This really wasn’t the response I was looking for. I kind of understand WHY it’s happening. I’m more interested in what Weight Watchers recommends but the response did shed some light for me on the subject.
I have not yet decided how I will "count" these types of recipes on PointsPlus. On the old plan I would have have counted 1 point for each fruit–which would give me 3–plus the walnuts–2–which would give me a total of 5 points. Only 1 point off from the 6 I get when I use the nutritional information for the points calculation.
The thing that intrigues me the most about this particular PointsPlus conundrum is that I thought the shift to the new formula would favor more whole food and non-processed choices but when I started to take a closer at PointsPlus base purely on nutritional information I see some discrepancies. For example, the nutritional profile of the salad I listed above is…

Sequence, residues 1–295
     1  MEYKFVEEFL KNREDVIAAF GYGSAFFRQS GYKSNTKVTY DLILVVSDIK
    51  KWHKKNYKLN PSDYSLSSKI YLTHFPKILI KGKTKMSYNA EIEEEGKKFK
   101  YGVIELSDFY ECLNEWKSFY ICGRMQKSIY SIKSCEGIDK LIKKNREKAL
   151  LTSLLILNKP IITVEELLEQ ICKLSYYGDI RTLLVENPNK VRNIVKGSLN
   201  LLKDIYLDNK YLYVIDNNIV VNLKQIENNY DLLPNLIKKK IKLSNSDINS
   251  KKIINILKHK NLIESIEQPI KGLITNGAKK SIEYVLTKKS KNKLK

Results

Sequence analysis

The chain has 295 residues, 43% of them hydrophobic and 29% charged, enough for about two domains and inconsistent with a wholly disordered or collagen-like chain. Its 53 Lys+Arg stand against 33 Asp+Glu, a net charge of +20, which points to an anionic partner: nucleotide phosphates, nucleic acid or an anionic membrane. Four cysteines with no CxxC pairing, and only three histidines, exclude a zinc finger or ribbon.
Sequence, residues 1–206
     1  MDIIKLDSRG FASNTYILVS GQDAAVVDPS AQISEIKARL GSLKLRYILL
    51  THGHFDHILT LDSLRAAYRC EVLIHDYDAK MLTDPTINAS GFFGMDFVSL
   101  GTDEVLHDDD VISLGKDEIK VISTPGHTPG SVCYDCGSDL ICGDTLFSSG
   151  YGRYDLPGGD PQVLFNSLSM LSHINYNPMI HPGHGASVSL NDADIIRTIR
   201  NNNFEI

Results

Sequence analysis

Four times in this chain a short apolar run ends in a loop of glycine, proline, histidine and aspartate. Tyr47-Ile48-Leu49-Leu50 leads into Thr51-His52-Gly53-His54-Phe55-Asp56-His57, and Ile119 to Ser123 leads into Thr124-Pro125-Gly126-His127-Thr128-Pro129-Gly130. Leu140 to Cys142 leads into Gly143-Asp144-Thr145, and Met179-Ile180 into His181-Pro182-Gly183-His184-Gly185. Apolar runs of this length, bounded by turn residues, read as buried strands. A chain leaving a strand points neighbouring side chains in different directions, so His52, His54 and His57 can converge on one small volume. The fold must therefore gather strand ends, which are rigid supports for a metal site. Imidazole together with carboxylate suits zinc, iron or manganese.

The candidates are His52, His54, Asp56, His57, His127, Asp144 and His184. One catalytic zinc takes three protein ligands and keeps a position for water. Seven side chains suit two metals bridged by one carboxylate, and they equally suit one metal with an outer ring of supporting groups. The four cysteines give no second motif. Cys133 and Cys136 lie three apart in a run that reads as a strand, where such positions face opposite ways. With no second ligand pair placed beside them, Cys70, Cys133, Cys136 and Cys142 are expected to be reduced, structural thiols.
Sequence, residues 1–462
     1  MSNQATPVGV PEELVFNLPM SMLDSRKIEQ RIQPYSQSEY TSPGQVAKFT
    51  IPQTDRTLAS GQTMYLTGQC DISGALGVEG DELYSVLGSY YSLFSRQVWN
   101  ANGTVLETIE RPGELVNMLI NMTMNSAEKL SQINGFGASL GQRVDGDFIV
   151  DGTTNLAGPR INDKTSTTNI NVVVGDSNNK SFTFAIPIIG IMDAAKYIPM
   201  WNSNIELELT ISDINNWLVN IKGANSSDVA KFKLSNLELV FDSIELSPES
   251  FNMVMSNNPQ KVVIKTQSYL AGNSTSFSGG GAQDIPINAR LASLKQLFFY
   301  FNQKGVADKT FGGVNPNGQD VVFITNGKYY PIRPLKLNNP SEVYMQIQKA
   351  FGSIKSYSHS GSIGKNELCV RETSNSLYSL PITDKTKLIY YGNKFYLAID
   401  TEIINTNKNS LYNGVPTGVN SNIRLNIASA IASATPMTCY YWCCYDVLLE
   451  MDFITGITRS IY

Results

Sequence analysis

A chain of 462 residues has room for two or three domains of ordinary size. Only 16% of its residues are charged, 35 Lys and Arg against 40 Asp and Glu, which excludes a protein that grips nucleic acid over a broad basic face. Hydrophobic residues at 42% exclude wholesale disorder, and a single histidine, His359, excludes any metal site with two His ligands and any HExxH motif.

Calories: 300 Fat: 10 Fiber: 10 Protein: 7 Carb: 53
The nutritional profile for 2 twinkies is according to CalorieKing is….
Calories: 300 Fat: 9 Fiber: 0 Protien: 2 Carb: 54
Both give me 8 PointsPlus, if my calculations are correct. Now of course, common sense says the salad is a much better choice but I thought the new points were suppose to help alleviate this kind of point manipulation. This leads me to believe that counting the fruit and veggies in a recipe is not recommended since they are free but I’m just not sure.